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Intramuscular stimulation

intramuscular stimulation

Treat chronic or recurrent muscle pain with Intramuscular stimulation (IMS) or dry needling

The only thing worse than experiencing chronic or recurrent muscle pain is not knowing how to treat it.

Many people suffer from chronic musculoskeletal or neuropathic pain caused by nerve irritation or nerve dysfunction. When nerves are malfunctioning, the muscles they are connected to can become weak, tight and shortened—translation: painful. It feels like your muscles never relax.

The pain and stiffness that is experienced with chronic or recurrent muscle pain conditions may be eased by intramuscular stimulation or IMS.

What is intramuscular stimulation (IMS)?

Intramuscular stimulation (IMS) is a technique that physiotherapists, who have completed IMS certification, use to release or lengthen muscles that may be causing chronic musculoskeletal or neuropathic pain. Very fine needles (the same ones used in acupuncture) are inserted directly into the affected muscle, in order to stimulate healing. This is also often referred to, or known as, “dry needling.”

Vancouver-based physician Dr. Chan Gunn developed IMS in the ‘70s and now offers training and certification for other medical professionals at his Institute for the Study and Treatment of Pain (ISTOP) at the UBC Gunn IMS Centre in the Division of Sports Medicine in the Faculty of Medicine at the University of British Columbia.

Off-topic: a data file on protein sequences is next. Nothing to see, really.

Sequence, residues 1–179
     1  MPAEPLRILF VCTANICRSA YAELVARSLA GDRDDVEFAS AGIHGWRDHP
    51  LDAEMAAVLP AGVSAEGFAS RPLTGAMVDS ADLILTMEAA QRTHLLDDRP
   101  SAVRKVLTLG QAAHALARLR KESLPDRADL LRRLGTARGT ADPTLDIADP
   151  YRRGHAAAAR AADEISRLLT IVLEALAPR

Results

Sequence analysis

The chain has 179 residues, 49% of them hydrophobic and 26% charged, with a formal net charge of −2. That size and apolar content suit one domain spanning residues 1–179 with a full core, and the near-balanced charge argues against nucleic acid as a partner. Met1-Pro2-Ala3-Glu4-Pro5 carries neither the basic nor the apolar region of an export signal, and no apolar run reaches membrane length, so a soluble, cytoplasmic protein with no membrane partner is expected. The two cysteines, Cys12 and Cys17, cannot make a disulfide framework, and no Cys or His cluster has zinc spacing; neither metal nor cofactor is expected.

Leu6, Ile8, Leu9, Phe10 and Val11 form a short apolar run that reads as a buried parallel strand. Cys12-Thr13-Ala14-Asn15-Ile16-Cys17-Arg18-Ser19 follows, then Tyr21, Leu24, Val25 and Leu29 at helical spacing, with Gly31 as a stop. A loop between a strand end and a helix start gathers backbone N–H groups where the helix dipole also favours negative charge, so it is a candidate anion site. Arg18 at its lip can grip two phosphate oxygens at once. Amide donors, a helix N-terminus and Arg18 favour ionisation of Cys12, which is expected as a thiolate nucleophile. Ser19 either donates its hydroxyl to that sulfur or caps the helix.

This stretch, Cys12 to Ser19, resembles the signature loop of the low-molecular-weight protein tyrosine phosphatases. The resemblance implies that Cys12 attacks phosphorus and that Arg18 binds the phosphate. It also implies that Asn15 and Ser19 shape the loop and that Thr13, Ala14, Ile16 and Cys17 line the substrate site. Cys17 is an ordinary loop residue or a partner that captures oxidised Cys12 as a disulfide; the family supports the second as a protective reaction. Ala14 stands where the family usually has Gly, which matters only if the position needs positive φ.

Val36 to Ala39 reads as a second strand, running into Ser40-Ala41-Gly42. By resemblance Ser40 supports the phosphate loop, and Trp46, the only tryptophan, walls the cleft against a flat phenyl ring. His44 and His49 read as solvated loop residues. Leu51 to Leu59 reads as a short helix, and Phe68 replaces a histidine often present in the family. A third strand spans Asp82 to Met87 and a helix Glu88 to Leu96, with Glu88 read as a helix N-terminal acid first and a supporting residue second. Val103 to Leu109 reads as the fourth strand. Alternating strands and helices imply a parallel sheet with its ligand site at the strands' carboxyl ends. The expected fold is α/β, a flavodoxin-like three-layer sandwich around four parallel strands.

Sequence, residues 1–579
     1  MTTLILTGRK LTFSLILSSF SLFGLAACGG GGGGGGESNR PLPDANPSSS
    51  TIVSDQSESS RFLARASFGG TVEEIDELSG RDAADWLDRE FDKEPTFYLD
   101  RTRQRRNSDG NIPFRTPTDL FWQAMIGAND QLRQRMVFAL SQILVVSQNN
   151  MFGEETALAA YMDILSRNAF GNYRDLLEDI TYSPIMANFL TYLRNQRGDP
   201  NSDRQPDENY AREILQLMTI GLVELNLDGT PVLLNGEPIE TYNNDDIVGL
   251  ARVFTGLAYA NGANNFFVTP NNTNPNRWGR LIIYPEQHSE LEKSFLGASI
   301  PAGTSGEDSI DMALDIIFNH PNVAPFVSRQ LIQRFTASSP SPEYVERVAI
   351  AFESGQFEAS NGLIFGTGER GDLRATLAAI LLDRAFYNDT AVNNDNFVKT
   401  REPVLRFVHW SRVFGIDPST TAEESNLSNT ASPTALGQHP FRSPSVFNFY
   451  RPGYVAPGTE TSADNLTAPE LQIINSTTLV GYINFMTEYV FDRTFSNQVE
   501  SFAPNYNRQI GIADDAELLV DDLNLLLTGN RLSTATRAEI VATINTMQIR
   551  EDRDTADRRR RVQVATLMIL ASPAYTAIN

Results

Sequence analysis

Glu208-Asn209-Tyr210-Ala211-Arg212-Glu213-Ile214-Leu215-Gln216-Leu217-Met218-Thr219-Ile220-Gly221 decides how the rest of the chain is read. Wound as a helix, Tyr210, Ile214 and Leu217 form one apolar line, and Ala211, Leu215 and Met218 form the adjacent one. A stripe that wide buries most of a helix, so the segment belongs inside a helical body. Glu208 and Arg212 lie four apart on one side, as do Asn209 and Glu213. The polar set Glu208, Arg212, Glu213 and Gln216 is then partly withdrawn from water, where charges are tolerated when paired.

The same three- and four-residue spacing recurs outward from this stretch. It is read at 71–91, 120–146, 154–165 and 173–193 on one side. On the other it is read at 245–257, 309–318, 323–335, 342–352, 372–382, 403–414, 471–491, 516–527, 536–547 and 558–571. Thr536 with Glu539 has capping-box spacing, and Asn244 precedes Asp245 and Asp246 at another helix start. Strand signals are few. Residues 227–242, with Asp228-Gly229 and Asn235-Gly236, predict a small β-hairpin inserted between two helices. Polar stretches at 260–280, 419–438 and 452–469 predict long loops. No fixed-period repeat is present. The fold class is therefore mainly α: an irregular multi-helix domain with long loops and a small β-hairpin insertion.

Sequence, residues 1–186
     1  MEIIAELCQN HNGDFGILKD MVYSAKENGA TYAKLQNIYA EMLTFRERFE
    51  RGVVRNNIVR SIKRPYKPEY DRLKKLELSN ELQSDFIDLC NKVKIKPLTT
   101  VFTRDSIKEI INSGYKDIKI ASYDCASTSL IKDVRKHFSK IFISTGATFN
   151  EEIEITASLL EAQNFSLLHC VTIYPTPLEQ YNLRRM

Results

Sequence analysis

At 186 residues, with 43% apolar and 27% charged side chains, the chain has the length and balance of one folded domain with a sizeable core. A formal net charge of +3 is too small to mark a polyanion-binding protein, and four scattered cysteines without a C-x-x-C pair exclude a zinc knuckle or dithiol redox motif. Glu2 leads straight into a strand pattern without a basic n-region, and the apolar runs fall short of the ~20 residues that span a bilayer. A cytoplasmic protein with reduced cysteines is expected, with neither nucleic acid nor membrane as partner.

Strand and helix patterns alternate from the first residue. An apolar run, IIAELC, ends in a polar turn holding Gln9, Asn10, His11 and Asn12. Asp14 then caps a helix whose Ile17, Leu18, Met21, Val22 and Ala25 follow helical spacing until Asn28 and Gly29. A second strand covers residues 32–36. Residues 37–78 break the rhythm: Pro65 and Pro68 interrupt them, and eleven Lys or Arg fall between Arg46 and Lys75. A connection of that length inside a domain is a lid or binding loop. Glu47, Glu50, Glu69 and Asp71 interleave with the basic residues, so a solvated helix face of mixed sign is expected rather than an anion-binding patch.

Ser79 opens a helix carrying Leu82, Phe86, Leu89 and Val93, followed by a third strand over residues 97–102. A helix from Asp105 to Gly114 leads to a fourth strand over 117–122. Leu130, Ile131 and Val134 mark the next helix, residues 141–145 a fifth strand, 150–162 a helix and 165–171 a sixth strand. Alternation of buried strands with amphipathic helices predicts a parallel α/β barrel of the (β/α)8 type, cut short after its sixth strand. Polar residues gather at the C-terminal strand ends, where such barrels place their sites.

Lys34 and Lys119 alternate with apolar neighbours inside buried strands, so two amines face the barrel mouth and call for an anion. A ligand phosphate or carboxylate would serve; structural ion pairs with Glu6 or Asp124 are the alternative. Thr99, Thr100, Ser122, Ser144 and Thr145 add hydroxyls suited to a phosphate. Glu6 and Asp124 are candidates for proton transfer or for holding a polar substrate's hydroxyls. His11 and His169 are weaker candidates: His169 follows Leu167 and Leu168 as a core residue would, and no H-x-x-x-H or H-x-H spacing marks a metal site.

Conditions treated with IMS

Common types of pain and conditions treated with IMS include:

  • Headaches
  • Back pain
  • Whiplash
  • Tennis elbow
  • Frozen shoulder
  • Chronic aching or burning pain
  • Limited range of motion
  • Stiffness in muscles and joints

needle being inserted into patient

How needle therapy for muscles works

IMS treatment involves the insertion of acupuncture needles into tight muscle bands or close to the spine to target a compressed nerve root. The needle creates a tiny therapeutic injury, causing the muscle to grab onto the needle and cramp. This type of stimulation triggers a spinal cord reaction, allowing the muscle to finally relax and the nerves to function normally. The small wound also increases circulation, telling the body to send blood and healing materials and encouraging the healing process along that tightened muscle band.

Each IMS treatment is cumulative, providing restoration to the muscles until the entire area is healed and free of pain.


woman having intramuscular stimulation performed on back to relieve acute pain

Intramuscular stimulation risks: Does it hurt?

Most people describe IMS as unpleasant but not painful. The treatment itself does not last very long, with the needles sometimes inserted for only a few seconds each. However, because the intent is to stimulate the muscle into relaxation, there is often discomfort before the rush of pain relief—some people experience this right away in the session, while others experience the relief a few days later, in addition to increased movement and function of the muscle.